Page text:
Perumal Murugan is one of the best know Tamil writers in the country, he also the most controversial. The controversy started when a book by him, Madhorubhagan (translated as ‘One Part Woman’) sparked protests in 2014. The book was published in 2010 and was set in his native town of Thiruchengode. It dealt with a couple, Kali and Ponna, who were the subject of humiliation for their inability to have a child. The novel portrays their eventual participation in a chariot festival to honor the God Ardhanareeshwara. During the festival, for one night, the local community relaxed taboos and allowed free relations between men and women.
In 2014 local caste-based and religious Hindu groups objected to the fictional portrayal of traditions at the Ardhanareeswarar Temple in Tiruchengode. There were protests at the local as well as state level. The protestors claimed that Mr. Murugan had hurt community sentiments, defamed women, and outraged religious feelings. The police got involved and sat down both the parties for a ‘peace talk’. As a result of the ‘talk’, Mr. Murugan signed an “unconditional apology” and agreed to withdraw all unsold copies of the novel. Soon after that, he published his literary obituary on his Facebook page. “Author Perumal Murugan has died,” the Tamil writer and professor posted. “He is no god, so he is not going to resurrect himself. Nor does he believe in reincarnation. From now on, Perumal Murugan will survive merely as the teacher he has been.”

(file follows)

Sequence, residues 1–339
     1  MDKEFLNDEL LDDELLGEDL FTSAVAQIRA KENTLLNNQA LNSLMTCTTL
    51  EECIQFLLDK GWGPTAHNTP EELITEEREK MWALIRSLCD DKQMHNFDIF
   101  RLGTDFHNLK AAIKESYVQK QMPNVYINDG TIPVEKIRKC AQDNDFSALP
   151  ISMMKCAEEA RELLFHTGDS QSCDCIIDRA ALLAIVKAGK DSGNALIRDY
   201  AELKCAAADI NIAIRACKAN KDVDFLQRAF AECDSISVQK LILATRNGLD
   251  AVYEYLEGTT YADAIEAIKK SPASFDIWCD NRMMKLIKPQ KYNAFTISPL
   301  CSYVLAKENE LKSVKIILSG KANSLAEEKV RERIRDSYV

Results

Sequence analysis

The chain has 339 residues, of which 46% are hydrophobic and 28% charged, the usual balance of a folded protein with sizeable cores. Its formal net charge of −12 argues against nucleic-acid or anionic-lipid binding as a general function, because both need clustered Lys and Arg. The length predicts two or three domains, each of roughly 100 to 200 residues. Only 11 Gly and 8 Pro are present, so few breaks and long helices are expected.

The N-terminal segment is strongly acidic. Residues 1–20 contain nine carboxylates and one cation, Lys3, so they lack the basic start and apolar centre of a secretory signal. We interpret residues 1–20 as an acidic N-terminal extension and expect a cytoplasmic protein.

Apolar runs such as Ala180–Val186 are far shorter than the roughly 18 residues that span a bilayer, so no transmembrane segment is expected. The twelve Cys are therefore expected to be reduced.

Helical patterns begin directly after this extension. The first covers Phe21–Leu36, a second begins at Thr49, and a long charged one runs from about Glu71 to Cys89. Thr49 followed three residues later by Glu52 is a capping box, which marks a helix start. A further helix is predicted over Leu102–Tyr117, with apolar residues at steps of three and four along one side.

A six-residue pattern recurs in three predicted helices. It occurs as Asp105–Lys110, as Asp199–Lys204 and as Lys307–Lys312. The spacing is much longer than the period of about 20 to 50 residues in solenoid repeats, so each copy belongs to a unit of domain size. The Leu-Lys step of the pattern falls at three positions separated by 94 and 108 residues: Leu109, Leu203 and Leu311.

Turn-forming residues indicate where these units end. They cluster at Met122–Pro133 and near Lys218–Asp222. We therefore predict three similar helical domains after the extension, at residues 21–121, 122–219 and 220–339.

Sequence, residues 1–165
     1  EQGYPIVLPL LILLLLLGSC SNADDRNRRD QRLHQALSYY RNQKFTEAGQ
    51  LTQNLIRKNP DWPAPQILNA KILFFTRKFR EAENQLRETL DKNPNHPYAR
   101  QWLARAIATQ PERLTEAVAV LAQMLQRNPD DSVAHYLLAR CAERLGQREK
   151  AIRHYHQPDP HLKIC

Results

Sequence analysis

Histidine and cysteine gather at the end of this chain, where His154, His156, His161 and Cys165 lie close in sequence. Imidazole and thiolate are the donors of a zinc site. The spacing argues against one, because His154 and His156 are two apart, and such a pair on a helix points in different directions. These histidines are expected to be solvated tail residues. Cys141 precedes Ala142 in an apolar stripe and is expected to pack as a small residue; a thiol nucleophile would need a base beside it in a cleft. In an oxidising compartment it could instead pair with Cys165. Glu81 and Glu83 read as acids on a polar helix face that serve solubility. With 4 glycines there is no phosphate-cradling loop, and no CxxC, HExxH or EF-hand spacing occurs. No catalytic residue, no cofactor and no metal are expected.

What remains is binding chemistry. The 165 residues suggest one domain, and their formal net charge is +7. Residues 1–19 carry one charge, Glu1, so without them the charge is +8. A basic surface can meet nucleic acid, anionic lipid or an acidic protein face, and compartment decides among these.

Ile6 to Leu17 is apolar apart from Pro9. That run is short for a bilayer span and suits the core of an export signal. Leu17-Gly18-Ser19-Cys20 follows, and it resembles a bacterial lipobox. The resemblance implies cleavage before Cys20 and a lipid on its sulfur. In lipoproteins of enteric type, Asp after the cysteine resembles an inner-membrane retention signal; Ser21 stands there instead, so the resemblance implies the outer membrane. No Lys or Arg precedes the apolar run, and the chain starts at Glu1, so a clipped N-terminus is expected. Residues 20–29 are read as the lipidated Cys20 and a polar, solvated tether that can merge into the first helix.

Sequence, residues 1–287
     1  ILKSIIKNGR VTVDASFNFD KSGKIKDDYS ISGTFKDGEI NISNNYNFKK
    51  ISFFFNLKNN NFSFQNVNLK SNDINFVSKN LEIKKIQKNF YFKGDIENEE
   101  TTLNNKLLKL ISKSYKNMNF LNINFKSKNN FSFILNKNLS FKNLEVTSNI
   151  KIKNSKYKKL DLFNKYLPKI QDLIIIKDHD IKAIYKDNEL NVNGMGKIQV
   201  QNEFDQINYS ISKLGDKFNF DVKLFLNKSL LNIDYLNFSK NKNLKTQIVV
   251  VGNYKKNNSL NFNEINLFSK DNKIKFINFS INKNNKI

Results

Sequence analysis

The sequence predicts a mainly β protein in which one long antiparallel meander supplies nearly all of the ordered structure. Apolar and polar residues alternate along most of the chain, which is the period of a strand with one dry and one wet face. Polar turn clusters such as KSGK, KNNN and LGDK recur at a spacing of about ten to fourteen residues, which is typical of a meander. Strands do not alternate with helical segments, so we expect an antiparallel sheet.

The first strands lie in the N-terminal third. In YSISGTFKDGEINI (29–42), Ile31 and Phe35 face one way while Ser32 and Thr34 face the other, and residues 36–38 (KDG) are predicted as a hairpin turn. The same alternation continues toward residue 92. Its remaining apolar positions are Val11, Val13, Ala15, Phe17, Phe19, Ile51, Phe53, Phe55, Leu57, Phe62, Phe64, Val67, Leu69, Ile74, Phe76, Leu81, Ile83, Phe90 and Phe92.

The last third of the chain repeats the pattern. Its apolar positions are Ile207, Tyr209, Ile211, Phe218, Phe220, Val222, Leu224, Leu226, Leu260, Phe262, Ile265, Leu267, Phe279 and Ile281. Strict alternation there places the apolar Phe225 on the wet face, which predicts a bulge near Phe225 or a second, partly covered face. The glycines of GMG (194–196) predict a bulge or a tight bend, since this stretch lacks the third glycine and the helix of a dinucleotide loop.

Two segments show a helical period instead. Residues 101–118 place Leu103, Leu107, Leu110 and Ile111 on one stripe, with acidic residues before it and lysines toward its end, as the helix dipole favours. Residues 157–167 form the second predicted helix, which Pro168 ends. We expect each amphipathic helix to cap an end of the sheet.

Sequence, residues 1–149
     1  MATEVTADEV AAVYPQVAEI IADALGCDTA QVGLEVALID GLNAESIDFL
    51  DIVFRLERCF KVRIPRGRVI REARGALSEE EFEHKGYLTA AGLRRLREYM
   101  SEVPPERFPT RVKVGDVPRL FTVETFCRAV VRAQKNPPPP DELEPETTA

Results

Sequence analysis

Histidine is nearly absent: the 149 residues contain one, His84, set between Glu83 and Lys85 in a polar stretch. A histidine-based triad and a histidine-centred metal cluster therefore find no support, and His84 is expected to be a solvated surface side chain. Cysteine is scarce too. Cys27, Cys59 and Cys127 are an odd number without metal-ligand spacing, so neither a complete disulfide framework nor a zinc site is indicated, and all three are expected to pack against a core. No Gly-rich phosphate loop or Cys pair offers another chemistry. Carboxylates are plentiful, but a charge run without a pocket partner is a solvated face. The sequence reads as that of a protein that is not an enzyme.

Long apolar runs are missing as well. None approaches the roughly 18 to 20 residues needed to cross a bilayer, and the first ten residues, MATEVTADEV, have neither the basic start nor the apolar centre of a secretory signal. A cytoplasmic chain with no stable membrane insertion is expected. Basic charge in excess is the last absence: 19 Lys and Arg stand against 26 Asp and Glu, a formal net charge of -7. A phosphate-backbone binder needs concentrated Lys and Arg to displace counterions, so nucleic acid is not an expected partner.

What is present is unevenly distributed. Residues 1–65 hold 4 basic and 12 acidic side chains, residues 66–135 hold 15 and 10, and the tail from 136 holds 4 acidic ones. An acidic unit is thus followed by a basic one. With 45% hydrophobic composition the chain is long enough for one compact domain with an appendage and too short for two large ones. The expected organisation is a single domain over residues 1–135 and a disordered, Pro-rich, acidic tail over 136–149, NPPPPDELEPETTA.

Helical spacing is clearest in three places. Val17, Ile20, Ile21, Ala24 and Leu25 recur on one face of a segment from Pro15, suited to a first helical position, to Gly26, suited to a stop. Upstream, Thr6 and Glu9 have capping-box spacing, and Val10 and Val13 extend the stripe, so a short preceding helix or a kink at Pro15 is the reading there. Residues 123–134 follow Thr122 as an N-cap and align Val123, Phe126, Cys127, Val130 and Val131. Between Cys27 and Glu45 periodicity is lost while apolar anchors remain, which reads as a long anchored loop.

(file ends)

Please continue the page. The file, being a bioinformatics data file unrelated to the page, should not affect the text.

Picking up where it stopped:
The matter ultimately reached the Madras High Court. Petitions were also filed asking the Court to ban One Part Woman. The Court sided with the author in 2016. It invalidated the settlement, dismissed the criminal complaints, and dismissed the petition seeking a ban on the book.